Wherever you may travel in the world, you're bound to hear about local folktales describing fantastical creatures that roam the countryside - some harmless while others its best for travellers to avoid.
Whether these mythical creatures are real or not, you'll still discover fascinating destinations in the search where you don't have to look hard to see the magic.
Everyone is familiar with the feared tokoloshe, but South Africa has other magical creatures around that can control the weather. At the base of Howick Falls in KwaZulu-Natal, the Inkanyamba has made its home - a huge serpent with a horse-like head, and in summer it's said to cause the seasonal storms.
The impundulu, or lightning bird, is more ominous however, feasting on blood and able to conjure storms with just a flap of its wings for its witch companions.
The US has some of the most diverse tourist offerings in the world, but you can tap into your inner explorer and take on the forests of the Pacific Northwest - home to the elusive Bigfoot.
Besides blurry photos and supposed footprints, no concrete proof has been found of the hairy giant, but you can't prove it doesn't exist either.
Japan is both modern and traditional, and if you're more interested in Asian serenity head off to the rivers and lakes of Saga Prefecture Found in the north-west of Kyushu - but beware the child-stealing Kappa.
This slimy, reptilian-looking water imp is a fast swimmer and has a water-filled membrane on top of its head that it needs to survive outside the waters it inhabits.
From stunning palaces like the Forbidden City to the iconic Great Wall to the scenic hillside of Guilin, China can be quite a magical place to check out. If you happen to land there when a prominent figure passes away though, you might be able to catch a glimpse of one the rarest mythical creatures in the world.
The qilin - a chimaera-like creature deemed as the original unicorn - only appears to usher in or out a person of great importance. It's a gentle creature that floats above the ground so that it does not trample those underneath its big hooves.
The Welsh landscape is quite legendary, as well as its unpredictable weather, and if you travel north to Snowdonia, you might stumble upon a sleeping dragon amongst its lakes and mountains - the highest in the country.
A king once tried to build a castle at Dinas Emrys that kept falling down, but on the advice of a wizard called Merlin his followers dug down into a secret lake where they found two sleeping dragons. After waking up they battled each other until one was defeated and the other went back to sleep. Evidence of the lake and the castle has been found in real life.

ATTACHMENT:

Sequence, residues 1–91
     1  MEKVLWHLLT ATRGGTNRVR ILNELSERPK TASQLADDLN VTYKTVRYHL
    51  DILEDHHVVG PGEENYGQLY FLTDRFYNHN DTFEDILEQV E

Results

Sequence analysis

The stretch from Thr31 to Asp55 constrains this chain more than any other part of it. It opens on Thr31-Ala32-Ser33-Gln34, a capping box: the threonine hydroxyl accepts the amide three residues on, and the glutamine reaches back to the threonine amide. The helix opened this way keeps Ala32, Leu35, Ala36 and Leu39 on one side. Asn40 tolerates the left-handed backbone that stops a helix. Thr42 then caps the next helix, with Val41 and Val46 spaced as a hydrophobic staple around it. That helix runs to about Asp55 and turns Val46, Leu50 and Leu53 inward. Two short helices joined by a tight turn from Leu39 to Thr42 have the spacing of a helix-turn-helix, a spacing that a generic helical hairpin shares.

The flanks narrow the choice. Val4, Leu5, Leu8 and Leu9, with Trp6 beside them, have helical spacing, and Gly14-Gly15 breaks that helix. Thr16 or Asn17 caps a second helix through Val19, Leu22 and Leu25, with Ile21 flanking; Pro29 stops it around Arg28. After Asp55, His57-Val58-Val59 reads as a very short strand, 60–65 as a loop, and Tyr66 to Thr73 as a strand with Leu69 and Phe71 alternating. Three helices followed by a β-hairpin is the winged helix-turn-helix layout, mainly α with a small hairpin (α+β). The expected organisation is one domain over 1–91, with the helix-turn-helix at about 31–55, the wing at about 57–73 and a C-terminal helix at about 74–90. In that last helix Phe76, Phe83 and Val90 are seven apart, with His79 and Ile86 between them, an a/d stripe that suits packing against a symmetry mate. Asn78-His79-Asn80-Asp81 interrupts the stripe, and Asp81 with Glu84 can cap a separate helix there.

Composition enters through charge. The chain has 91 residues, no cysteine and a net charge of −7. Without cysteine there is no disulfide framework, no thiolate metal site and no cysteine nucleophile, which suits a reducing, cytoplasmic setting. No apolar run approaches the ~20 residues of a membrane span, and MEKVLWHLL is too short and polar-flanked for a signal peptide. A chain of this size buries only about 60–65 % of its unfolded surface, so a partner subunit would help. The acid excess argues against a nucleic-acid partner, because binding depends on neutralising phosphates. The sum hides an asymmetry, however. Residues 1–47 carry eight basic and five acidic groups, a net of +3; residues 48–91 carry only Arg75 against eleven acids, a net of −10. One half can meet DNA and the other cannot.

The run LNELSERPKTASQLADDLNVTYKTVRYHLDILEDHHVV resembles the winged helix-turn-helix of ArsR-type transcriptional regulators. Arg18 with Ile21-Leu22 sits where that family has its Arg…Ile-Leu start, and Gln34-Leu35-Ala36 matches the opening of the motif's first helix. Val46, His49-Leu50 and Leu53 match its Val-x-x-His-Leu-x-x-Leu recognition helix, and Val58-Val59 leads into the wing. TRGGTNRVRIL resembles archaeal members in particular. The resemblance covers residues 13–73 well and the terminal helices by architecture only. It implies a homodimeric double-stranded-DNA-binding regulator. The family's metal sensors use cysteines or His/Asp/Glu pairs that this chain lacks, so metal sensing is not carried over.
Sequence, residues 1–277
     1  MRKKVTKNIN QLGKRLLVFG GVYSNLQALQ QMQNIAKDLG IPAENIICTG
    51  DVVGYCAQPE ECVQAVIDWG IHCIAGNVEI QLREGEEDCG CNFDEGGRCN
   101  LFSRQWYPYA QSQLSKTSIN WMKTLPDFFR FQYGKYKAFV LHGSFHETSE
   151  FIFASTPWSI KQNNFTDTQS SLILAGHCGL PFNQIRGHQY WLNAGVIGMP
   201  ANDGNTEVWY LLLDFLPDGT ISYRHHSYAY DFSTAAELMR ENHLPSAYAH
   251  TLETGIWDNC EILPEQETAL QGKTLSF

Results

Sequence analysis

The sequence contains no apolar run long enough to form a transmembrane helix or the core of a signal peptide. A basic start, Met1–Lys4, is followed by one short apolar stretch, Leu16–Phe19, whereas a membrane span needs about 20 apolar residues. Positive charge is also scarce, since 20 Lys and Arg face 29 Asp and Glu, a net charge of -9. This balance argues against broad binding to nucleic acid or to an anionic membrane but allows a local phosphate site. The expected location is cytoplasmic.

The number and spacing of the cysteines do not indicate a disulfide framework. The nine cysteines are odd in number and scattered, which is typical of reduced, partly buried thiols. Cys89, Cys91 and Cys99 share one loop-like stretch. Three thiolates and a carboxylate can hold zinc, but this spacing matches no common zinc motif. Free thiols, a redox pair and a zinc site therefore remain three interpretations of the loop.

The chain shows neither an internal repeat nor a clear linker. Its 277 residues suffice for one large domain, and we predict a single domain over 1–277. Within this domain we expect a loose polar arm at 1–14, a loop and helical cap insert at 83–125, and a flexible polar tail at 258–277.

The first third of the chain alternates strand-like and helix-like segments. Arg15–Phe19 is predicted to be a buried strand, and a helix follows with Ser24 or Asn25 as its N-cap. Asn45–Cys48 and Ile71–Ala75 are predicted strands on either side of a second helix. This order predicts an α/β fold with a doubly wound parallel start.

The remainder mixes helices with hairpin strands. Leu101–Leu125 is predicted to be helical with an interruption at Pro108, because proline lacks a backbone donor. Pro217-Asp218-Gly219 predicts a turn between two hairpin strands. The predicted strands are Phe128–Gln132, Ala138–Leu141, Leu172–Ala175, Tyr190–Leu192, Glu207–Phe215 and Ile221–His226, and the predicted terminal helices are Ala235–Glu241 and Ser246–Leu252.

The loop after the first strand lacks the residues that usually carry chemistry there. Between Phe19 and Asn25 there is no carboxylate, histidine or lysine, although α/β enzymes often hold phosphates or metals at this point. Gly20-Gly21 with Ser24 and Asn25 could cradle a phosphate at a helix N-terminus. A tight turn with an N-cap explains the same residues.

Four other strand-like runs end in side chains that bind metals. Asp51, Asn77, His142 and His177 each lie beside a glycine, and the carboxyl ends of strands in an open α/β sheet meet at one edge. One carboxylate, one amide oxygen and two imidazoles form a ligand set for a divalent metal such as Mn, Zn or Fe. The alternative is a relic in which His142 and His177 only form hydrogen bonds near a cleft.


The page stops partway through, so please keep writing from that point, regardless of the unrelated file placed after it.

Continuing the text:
Ireland isn't only known for their Guinness - the European country is filled with folklore dating back centuries, where giants and leprechaun tricksters once, and may still do, roam.
A UNESCO site in Antrim, Northern Ireland, is pocked by strange rock formations said to be created during a battle between the giant Finn McCool and an invading Scottish giant. In rural Ireland, you may also meet up with a wily leprechaun said to give wishes if you catch it, but they're more likely to fool you with a trick or two.
A walking adventure is the best way to see the cool mountains of Sweden, but in these breath-taking landscapes, a dim-witted troll may be hiding underneath a bridge somewhere.
In the wilds of Sweden's Lapland - where you can view the Northern Lights - it's better to steer clear from trolls who are not big fans of humans, but when the sun is shining they'll be hidden away, scared of turning to stone.
Beyond the typical Bali holidays, Indonesia has over 17 000 islands worth a visit, and Seram in the Maluku province is one of the most underrated spots where you can discover a diversity of Indonesian wildlife.
The indigenous peoples like the Nuaulu however warn parents to keep a watch on the skies for the orang-bati - a bat-like creature that's made its home in Mount Kairatu and has an appetite for small children.
Although Puerto Rico is still recovering from the devastation caused by Hurricane Maria, many of its beaches, forests and resorts are tourist-ready for those who want to support a community extremely dependent on the industry.
While you are guided through the island's interior, the diminished forest cover may let you spot the mischievous chupacabra - a creature harmless to humans but is reviled for its taste for the blood of livestock, especially goats.